Just off the main road into the town an excited crowd watched a sheepdog trial. The spectacle was profoundly ironic - a hundred yards away at a site created on derelict land, about 1,000 sheep were herded into cramped pens awaiting slaughter. Hundreds of them were British.
Nine at a time they were dragged by their trussed legs to makeshift wooden cradles. Clearly in distress, they were thrown on to the crib. Their throats were slit, some by untrained slaughtermen with blunt knives. After being tipped onto the bloodied ground their bodies convulsed for minutes.
At the entrance, a placard advertised the vente de produits moutons fermiers but this was more than the sale of farm sheep. This was the Muslim festival of Aid-El-Kebir, the ritual slaughter of sheep at the end of the annual pilgrimage to Mecca, recalling the time when the prophet Ibrahim was preparing to sacrifice his son for the glory of Allah. The child was spared and sheep sacrificed in his place.
However, this was a makeshift site for the Muslim feast and according to the Royal Society for the Protection of Animals, the slaughter was in breach of European regulations governing the ritual.
Accompanied by two undercover RSPCA inspectors the Independent found hundreds of British sheep which had been secretly ferried to France for Aid-El-Kebir. Red tags identified them as being from flocks across Britain.
The most recent shipment of British sheep travelled from Dover to Boulogne on 28 March. There were 24 lorries, containing 8,495 sheep, on board the Sea Road. The French are investigating the disappearance of five of these cargoes which have failed to arrive at their declared destinations.
The Ministry of Agriculture is expected to take legal action after the deadline for exporters to provide documentation to prove the sheep reached their destination expires this week.
An animal welfare campaign group, Protestors Animal Information Network, which seeks to end the live-export trade, claims most of the sheep are shipped to the Continent without the disinfection procedures and veterinary checks imposed by the EU. Whitehall sources have said ministers have been told current export certificates are illegal.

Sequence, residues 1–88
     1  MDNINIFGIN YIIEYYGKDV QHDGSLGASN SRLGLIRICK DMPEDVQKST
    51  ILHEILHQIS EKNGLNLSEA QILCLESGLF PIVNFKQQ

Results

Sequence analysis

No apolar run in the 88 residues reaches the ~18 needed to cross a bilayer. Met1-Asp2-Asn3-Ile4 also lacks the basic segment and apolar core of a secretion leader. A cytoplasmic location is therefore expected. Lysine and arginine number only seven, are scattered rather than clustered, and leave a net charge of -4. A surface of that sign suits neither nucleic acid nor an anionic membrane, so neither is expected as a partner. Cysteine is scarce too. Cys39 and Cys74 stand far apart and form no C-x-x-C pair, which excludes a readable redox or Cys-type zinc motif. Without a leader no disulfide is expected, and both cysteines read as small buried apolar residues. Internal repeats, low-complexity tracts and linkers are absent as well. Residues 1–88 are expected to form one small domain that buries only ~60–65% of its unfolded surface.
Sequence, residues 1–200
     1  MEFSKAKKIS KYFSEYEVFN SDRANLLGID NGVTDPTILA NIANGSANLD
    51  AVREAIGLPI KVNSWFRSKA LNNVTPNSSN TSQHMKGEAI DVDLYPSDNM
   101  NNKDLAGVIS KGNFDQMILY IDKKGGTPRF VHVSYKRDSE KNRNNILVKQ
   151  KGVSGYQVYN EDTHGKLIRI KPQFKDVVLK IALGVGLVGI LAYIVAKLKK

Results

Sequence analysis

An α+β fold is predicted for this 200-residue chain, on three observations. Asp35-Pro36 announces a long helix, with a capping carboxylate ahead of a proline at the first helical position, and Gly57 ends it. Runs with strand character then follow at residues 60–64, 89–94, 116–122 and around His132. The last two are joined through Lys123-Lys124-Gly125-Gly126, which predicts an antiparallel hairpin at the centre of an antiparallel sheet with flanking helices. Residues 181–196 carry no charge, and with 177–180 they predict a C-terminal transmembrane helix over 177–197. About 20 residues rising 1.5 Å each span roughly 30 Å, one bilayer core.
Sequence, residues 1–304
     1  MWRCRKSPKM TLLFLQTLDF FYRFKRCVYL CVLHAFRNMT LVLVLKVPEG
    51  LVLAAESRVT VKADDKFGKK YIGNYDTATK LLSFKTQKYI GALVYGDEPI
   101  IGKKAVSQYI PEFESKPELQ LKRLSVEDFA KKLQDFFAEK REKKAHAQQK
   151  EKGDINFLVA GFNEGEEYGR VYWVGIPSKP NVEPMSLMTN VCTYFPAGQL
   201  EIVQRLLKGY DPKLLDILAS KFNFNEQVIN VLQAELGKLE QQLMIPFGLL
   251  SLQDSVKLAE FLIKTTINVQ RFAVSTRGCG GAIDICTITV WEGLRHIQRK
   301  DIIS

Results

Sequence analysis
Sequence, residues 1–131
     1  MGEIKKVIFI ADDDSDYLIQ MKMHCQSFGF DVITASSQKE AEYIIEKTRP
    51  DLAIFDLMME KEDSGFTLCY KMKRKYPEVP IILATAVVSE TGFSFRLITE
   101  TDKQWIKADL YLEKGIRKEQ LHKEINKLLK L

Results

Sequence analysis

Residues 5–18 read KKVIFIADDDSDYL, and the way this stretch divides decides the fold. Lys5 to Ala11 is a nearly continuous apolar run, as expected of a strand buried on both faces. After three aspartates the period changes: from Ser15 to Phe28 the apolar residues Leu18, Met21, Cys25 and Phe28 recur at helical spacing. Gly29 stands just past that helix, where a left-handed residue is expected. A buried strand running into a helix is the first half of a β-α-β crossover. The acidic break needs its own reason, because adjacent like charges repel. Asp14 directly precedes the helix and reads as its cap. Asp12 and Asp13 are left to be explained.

Yesterday hundreds of Muslim families carrying black dustbin liners, buckets and kitchen knives gathered at the site in Goussainville. Earlier in the week they purchased from the organiser of the festival one animal each, paying 1,500 francs, about pounds 200.
Clutching a ticket bearing the number of their animal, they queued at the gates to the pens. Both European law and Islamic doctrine set out detailed procedures for the sacrifice, known as dhabh. Trained slaughtermen must use sharp knives to quickly cut the skin and sever the windpipe and blood vessels. The meat is not halal if an animal is killed in the presence of another or if knives are sharpened before them.
According to the RSPCA inspectors, each rule was openly flouted at Goussainville. "They were being kept for hours on end in pens where all around them others were being killed which is distressing for them. The lack of bleating is indicative of suffering and resignation to their fate," he said. "As they were dragged to their deaths they were aware of what was going on around them. Some of the slaughterers were taking several attempts to cut the throat. It should be one clean cut."
From the killing area the sheep were dragged to hanging metal spikes where the carcasses were prepared for consumption. To facilitate the removal of the fleece, a pump, normally used to inflate a lilo, was inserted into a leg to fill the animal with air.
After skinning his sheep, using his hands to rip out the intestines, one man said: "We eat the mutton later after reciting verses from the Koran. We eat half and give the other half to Allah."
The RSPCA plansto use its video evidence to put pressure on the EU to enforce the regulations governing the ritual.Reuse content